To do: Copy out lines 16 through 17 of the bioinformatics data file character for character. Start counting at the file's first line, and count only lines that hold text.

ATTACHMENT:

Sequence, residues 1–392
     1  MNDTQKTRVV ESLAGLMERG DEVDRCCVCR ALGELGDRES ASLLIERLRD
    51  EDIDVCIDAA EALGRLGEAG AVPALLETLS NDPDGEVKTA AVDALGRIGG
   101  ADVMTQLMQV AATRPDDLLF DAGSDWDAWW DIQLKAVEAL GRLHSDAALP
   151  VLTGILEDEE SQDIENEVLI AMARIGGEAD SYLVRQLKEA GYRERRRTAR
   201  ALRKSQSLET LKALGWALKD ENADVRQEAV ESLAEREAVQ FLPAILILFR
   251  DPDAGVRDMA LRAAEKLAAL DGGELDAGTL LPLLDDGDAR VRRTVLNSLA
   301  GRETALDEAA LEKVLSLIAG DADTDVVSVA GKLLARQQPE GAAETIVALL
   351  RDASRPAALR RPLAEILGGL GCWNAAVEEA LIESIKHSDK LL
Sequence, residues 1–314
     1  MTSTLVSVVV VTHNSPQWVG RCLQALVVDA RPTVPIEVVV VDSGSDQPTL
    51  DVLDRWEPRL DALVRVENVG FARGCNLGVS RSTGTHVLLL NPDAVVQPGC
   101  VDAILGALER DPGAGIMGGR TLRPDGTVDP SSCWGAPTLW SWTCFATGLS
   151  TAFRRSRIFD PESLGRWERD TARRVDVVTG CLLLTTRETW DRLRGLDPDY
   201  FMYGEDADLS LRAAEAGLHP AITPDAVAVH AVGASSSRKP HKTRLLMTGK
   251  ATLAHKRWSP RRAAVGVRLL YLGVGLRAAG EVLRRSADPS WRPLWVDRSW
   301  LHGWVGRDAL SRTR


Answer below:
   251  ATLAHKRWSP RRAAVGVRLL YLGVGLRAAG EVLRRSADPS WRPLWVDRSW
   301  LHGWVGRDAL SRTR